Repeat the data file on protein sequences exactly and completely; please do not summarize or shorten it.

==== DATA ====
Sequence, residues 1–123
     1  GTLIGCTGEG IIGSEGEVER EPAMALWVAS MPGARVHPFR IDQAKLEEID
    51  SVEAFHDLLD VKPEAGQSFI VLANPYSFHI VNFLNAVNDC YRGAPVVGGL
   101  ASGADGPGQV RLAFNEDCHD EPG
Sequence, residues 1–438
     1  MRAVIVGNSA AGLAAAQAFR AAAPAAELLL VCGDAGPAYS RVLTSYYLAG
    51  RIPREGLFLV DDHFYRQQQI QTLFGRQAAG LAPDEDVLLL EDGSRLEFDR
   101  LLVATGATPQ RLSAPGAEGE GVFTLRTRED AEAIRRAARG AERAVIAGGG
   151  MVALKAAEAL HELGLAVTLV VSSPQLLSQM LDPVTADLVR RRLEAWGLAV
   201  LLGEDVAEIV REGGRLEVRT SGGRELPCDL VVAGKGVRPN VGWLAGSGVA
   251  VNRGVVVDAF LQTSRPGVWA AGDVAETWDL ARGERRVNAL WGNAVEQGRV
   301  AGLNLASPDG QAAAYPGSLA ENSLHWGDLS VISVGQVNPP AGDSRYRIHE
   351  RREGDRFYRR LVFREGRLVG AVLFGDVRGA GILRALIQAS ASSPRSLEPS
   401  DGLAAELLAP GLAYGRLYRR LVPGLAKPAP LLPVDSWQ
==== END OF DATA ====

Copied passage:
Sequence, residues 1–123
     1  GTLIGCTGEG IIGSEGEVER EPAMALWVAS MPGARVHPFR IDQAKLEEID
    51  SVEAFHDLLD VKPEAGQSFI VLANPYSFHI VNFLNAVNDC YRGAPVVGGL
   101  ASGADGPGQV RLAFNEDCHD EPG
Sequence, residues 1–438
     1  MRAVIVGNSA AGLAAAQAFR AAAPAAELLL VCGDAGPAYS RVLTSYYLAG
    51  RIPREGLFLV DDHFYRQQQI QTLFGRQAAG LAPDEDVLLL EDGSRLEFDR
   101  LLVATGATPQ RLSAPGAEGE GVFTLRTRED AEAIRRAARG AERAVIAGGG
   151  MVALKAAEAL HELGLAVTLV VSSPQLLSQM LDPVTADLVR RRLEAWGLAV
   201  LLGEDVAEIV REGGRLEVRT SGGRELPCDL VVAGKGVRPN VGWLAGSGVA
   251  VNRGVVVDAF LQTSRPGVWA AGDVAETWDL ARGERRVNAL WGNAVEQGRV
   301  AGLNLASPDG QAAAYPGSLA ENSLHWGDLS VISVGQVNPP AGDSRYRIHE
   351  RREGDRFYRR LVFREGRLVG AVLFGDVRGA GILRALIQAS ASSPRSLEPS
   401  DGLAAELLAP GLAYGRLYRR LVPGLAKPAP LLPVDSWQ